Copy That AI!

So, AI is coming for your job. What do we do about that?

Let’s say you’re an artist. You love your work, you trained for years to do it well, and it’s been paying your rent a while now. Then AI models came along that do your job better than you ever could. Currently you are still employed, because nobody really realizes what’s happening yet, but you can see the writing on the wall.

Maybe you feel like this person, who technically still has a job, but that job has been reduced to the care and feeding of a machine that rapidly produces better art than they could. As that technology improves, the parts of the job that still require human intervention will be pushed closer and closer to the margins. What is that artist supposed to do?

Placard announcing rewards for snitching on Luddites, dated 1808

Just a quick historical aside: People rag on the Luddites, but don’t really understand what happened. For five years, an organized group of textile workers targeted industrial equipment in England–equipment which was making their labor obsolete. The destruction of property was used as a tool to obtain leverage over the employers, but the practice ended when their government sent in the military and started executing people who broke machines.

While people use the Luddites as an example of ignorant resistance to progress, I view them more sympathetically. I see them as rational actors, doing the best they could with the limited means available to them. What’s more, I see our future in their past. I think it’s easy to look down on the Luddites when you still have your job, but given the pace of technology, there soon will be little labor left for human hands to do.

So let’s say you’re a newly redundant artist, looking for some direct action to take. It’s tough to go full Luddite, when the AI model you want to break can only be accessed through the internet. But the Luddites’ methods, of targeting the economic interests of the people using these machines, are still potent.

The law in the U.S. is currently clear: Nobody can own the copyright on AI-generated art. That may change as nations get their act in gear and start passing laws, but legislation is likely years away. There’s an AI-shaped hole in the laws that protect intellectual property. I have even seen some (questionably sourced) recent news that suggests video game companies are recognizing this and choosing not to use AI art.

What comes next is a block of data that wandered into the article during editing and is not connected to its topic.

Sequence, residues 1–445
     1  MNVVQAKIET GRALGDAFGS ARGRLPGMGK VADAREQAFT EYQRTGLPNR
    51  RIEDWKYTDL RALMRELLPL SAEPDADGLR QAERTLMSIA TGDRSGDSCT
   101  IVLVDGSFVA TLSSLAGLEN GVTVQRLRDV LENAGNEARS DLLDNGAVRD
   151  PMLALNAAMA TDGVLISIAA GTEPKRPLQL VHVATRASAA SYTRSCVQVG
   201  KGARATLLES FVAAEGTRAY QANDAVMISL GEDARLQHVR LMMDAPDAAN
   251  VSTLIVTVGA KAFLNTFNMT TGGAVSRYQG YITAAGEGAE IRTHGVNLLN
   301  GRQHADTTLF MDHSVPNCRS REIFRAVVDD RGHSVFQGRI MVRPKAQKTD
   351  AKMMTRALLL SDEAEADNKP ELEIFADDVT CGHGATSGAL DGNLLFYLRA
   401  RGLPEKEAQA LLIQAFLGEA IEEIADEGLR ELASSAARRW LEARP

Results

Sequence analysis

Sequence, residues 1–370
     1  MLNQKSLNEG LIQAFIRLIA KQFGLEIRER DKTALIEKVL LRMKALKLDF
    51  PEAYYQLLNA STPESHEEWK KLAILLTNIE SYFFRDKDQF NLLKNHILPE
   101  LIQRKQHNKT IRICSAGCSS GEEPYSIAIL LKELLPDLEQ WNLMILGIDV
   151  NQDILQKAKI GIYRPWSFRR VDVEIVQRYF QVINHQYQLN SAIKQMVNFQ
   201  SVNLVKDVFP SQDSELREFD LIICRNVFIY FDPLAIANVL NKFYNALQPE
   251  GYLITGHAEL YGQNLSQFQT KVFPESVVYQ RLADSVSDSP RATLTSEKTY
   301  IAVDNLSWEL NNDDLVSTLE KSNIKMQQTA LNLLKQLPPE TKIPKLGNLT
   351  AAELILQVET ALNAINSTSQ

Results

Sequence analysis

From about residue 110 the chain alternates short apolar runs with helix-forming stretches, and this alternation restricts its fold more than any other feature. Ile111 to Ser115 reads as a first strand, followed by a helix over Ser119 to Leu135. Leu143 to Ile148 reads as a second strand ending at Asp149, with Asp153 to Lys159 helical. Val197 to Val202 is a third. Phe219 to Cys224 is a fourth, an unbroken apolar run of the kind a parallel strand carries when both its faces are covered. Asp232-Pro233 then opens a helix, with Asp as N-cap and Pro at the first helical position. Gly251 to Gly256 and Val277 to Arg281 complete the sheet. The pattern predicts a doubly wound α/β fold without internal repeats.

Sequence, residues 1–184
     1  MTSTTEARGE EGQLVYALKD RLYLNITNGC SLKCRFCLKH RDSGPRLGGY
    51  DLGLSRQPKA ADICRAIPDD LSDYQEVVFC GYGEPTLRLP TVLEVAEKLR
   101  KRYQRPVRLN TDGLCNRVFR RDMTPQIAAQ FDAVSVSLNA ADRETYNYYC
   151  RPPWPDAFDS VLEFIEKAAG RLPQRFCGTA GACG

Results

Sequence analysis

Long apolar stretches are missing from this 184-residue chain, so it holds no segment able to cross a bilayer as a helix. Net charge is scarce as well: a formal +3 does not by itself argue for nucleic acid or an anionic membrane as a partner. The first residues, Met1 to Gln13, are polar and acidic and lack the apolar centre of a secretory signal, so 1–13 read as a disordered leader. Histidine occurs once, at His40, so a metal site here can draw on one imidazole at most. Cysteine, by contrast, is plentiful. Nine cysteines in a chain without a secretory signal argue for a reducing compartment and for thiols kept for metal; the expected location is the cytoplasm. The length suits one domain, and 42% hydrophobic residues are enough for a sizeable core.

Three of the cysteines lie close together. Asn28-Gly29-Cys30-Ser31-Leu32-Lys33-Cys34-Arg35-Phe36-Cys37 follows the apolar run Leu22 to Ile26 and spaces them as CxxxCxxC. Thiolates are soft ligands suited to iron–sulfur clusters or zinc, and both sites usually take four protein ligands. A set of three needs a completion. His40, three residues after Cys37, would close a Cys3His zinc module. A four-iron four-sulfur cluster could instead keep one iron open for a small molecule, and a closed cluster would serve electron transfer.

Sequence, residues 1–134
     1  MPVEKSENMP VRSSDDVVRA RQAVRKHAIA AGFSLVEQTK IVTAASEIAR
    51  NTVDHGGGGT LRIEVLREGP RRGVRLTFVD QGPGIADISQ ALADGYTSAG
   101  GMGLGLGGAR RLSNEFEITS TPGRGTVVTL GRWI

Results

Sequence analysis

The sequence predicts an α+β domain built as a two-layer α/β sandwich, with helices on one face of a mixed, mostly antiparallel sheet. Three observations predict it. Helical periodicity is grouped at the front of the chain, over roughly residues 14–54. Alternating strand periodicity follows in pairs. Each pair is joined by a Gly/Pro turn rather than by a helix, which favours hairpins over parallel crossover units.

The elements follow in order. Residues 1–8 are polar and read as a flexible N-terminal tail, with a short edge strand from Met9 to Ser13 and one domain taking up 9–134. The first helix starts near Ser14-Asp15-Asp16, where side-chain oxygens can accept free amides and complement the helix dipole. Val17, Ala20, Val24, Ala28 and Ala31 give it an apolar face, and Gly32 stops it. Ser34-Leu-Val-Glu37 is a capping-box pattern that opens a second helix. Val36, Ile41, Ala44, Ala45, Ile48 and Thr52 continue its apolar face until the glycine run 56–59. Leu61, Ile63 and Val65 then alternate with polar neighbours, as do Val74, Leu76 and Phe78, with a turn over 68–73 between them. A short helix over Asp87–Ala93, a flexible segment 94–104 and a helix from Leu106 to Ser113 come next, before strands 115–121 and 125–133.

That means:

  • Character designs that are generated by AI are not protected
  • Music generated by AI is not protected
  • Art generated by AI is not protected
Angry artist holding a paintbrush, original artwork by a human (me), 2023, actually copyrightable!

And when something isn’t protected by intellectual property law, you can copy it. Not only can you copy it, but you can create derivative works of it. You can sell it yourself. And the company that made it can’t sue you for copyright infringement, because they don’t actually own it! That’s just free-market capitalism, baby!

So this is the message that artists can send to companies: If you want to own intellectual property in the stuff you make and sell, you had better be hiring real human artists to do it. Because if you don’t, there is a legion of unemployed graphic designers who are motivated to drag it through the mud with no repercussions.

Now, let’s be clear about the limits here. This is U.S. law–I have no idea what’s going on in other countries. Also, we’re talking about things that were originally created by AI. You can copy the image at the end of this post and I couldn’t stop you, but you wouldn’t be able to copy my doodle above, even if AI were used to make some later version of it. You also can’t copy the parts of a work that a human did create. So for example, you could copy the AI-generated art in a comic book, but you still couldn’t copy the comic as whole, since a human likely created the text and the arrangement of the book.

Image by Midjourney, prompt “a terrified robot, looking over its shoulder while working on a loom in a dimly lit room. The Luddites are coming for it”

Of course, I am not your lawyer, and the above is not legal advice. We’re just a bunch of internet friends having an academic discussion of the state of the law. And of course, the legal and technological landscapes are changing fast, so what is true today might not be true tomorrow. So if you end up on the business end of a lawsuit after copying something that is copyrightable, don’t come crying to me!

I’m just saying, that’s a beautiful [AI-generated art] you’ve got there. Sure would be a shame if something… happened to it.

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